Pursuing the China Dream through Africa: Five Elements of China’s Africa Strategy

By Paul Nantulya, April 6, 2017

China’s expanding involvement in Africa is an integral piece in President Xi Jinping’s grand strategy to restore the country to its perceived rightful place of global prominence.
Chinese President Xi Jinping speaks at the Forum on China-Africa Cooperation in 2015Chinese President Xi Jinping speaks at the Forum on China–Africa Cooperation in 2015. Established in 2000, the FOCAC summit meets every 3 years. In between summits, a follow-up committee of Chinese and African institutions implements and monitors a wide range of programs. (Photo: GCIS.)
Chinese President Xi Jinping’s visit to the United States generated inevitable comparisons of the two countries’ approaches to engaging the world. China’s expanding involvement in Africa provides a revealing window into Beijing’s grand strategy. Africa is an integral element of Xi’s “China Dream”—a blueprint for restoring the country to its perceived rightful place of global prominence. Part of the blueprint entails positioning China as a leader in the developing world through expanded bilateral and multilateral engagements. China advances these aims in Africa in five primary ways:

1. Economic engagement

China’s economic involvement with the continent has steadily expanded over the past decade. Beijing operates approximately 2,500 development, civil works, and construction projects worth $94 billion in 51 African countries. While it is not clear how many of these have reached completion beyond ceremonial pledges, the visible presence of huge infrastructure projects across the continent is unmistakable. In 2009, China surpassed the United States as Africa’s largest trading partner, and by 2015, China’s trade with Africa had reached $300 billion. Crude oil, raw materials, and natural resources constitute more than 80 percent of its roughly $93 billion in annual imports from Africa. Observers have also criticized the transactional nature of some of China’s engagements, where China seems primarily interested in accessing and exploiting Africa’s vast natural resources.

2. Military interests

For years, China’s leaders dismissed external military deployments as “a characteristic of Western imperialism.” China, they said, “does not interfere everywhere like the hegemonists do.” But in 2008, the Chinese Navy made its first operational deployment outside the Asia-Pacific region to the Gulf of Aden to support the UN–sanctioned anti-piracy task force. Then Beijing deployed a warship supported by ground and air assets to evacuate 35,000 Chinese nationals from mounting violence in Libya in March 2011. In 2016, the People’s Liberation Army (PLA) installed troops, assets, and support staff in Djibouti, its first permanent overseas deployment since 1949. And in April, the first aircraft carrier built in China entered service. All of these moves are in line with the “New Historic Missions” doctrine, which calls for an expeditionary capability that can, among other things, safeguard growing Chinese interests on the continent, maintain a naval presence in the western Indian Ocean, protect its merchant ships from piracy, and support China’s growing participation in UN missions in Africa.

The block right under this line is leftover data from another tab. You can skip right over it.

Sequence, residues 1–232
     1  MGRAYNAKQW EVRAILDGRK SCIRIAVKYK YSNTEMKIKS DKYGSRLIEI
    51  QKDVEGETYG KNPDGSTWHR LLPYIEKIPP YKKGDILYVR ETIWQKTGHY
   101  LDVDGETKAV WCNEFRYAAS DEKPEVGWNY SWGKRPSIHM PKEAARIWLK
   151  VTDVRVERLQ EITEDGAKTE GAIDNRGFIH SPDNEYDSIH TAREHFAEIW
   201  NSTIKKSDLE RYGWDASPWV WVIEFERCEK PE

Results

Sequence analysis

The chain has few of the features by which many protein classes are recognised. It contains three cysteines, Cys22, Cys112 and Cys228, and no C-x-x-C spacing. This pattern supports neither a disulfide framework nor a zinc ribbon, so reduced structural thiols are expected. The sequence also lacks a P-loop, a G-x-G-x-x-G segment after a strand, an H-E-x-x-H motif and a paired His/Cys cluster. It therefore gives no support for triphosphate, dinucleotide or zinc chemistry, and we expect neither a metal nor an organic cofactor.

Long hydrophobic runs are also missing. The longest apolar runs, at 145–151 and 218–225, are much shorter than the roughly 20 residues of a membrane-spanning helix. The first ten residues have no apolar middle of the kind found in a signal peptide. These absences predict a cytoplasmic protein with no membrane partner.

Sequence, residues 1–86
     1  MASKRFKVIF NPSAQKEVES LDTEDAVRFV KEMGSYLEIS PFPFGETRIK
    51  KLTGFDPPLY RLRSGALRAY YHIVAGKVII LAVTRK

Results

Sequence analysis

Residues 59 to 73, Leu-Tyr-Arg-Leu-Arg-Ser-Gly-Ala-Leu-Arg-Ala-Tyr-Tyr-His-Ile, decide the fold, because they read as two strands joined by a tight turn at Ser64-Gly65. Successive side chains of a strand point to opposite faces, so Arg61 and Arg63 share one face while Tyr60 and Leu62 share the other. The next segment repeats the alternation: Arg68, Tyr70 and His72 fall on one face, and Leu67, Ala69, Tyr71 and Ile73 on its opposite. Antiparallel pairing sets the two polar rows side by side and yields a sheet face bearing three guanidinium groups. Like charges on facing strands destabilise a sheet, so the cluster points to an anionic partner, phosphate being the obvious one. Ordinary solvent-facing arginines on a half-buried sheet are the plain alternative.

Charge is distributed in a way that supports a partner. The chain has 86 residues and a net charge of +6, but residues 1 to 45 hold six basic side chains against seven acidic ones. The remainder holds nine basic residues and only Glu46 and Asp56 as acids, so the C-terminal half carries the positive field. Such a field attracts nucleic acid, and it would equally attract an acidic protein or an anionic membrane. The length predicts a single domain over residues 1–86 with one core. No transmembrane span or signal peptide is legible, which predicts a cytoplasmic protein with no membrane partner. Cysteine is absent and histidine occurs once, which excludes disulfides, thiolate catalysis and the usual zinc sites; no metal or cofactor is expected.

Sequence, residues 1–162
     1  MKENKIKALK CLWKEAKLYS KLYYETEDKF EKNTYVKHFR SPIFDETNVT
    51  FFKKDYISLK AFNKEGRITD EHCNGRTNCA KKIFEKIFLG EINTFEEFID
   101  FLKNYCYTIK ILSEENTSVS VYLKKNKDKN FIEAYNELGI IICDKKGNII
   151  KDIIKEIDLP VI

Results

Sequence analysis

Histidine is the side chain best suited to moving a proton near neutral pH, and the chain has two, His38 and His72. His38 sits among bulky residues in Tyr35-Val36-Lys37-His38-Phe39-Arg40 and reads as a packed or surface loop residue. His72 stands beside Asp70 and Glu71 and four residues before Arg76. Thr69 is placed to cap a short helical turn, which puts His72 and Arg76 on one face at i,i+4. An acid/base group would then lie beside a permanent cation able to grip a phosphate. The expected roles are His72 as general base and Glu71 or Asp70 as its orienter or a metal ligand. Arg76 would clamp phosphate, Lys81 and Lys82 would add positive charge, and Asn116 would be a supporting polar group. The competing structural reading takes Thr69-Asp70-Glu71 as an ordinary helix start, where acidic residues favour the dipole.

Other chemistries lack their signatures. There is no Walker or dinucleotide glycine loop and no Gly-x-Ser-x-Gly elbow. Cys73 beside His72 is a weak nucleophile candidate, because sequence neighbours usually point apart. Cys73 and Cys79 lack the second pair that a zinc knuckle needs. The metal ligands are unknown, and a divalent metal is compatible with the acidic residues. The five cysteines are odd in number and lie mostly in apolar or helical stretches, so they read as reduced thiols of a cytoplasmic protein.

PLA Navy frigate Xuzhou

The People’s Liberation Army Navy Jiangkai II class guided-missile frigate Xuzhou.
In 2015, China passed a counterterrorism law that for the first time authorizes the PLA’s deployment on overseas counterterrorism missions. The PLA has also established itself as an active security partner through military-to-military contacts based on training and education programs, military advisors, arms sales, and construction of military facilities and ministries of defense headquarters. China in 2015 was the second largest supplier of weapons to sub-Saharan Africa after Russia, accounting for 22 percent of arms transfers to the region.

3. UN peacekeeping

China’s role in UN peacekeeping operations has grown from 400 troops in 1990 to 22,000 in 2013. That year, the Diversified Employment of China’s Armed Forces—China’s strategic defense guidance—established UN peacekeeping operations as a “strategic Chinese priority.”
Initially, Chinese troop deployments in Africa were strictly non-combat, such as medical specialists and engineers, and to low risk areas. Since 2012, however, the PLA has been sending combat troops to high risk theaters, with an infantry company in northern Mali and an infantry battalion to South Sudan. Currently, about 2,500 Chinese troops and police officers are deployed in UN missions across the continent, with the largest deployments in South Sudan (1,051), Liberia (670), and Mali (402). In 2015, China pledged 8,000 additional troops toward a Chinese Peacekeeping Standby Force that will be placed at the service of UN peacekeeping operations. Beijing also committed itself to the UN’s new peacekeeping capability readiness system and allocated $1 billion over 10 years to a UN peace and development fund. China also allocated $100 million in new funding to the African Union’s rapid deployment capability.